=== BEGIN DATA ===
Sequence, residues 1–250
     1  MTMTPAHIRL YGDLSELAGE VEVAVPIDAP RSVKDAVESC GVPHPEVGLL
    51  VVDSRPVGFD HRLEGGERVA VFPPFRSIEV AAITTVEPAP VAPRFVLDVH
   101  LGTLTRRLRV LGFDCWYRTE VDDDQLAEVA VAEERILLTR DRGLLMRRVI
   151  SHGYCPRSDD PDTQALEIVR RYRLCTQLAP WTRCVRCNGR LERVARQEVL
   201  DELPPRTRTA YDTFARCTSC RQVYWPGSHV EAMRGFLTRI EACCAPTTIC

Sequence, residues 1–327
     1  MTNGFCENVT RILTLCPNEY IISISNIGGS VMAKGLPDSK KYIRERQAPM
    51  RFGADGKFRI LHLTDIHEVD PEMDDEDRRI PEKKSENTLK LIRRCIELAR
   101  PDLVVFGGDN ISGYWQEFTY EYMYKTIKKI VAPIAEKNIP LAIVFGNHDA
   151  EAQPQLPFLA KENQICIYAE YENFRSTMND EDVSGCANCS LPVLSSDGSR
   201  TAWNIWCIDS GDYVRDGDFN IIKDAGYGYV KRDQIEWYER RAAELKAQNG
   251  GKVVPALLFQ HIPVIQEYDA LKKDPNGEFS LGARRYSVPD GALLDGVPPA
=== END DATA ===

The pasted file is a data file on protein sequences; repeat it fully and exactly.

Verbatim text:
Sequence, residues 1–250
     1  MTMTPAHIRL YGDLSELAGE VEVAVPIDAP RSVKDAVESC GVPHPEVGLL
    51  VVDSRPVGFD HRLEGGERVA VFPPFRSIEV AAITTVEPAP VAPRFVLDVH
   101  LGTLTRRLRV LGFDCWYRTE VDDDQLAEVA VAEERILLTR DRGLLMRRVI
   151  SHGYCPRSDD PDTQALEIVR RYRLCTQLAP WTRCVRCNGR LERVARQEVL
   201  DELPPRTRTA YDTFARCTSC RQVYWPGSHV EAMRGFLTRI EACCAPTTIC

Sequence, residues 1–327
     1  MTNGFCENVT RILTLCPNEY IISISNIGGS VMAKGLPDSK KYIRERQAPM
    51  RFGADGKFRI LHLTDIHEVD PEMDDEDRRI PEKKSENTLK LIRRCIELAR
   101  PDLVVFGGDN ISGYWQEFTY EYMYKTIKKI VAPIAEKNIP LAIVFGNHDA
   151  EAQPQLPFLA KENQICIYAE YENFRSTMND EDVSGCANCS LPVLSSDGSR
   201  TAWNIWCIDS GDYVRDGDFN IIKDAGYGYV KRDQIEWYER RAAELKAQNG
   251  GKVVPALLFQ HIPVIQEYDA LKKDPNGEFS LGARRYSVPD GALLDGVPPA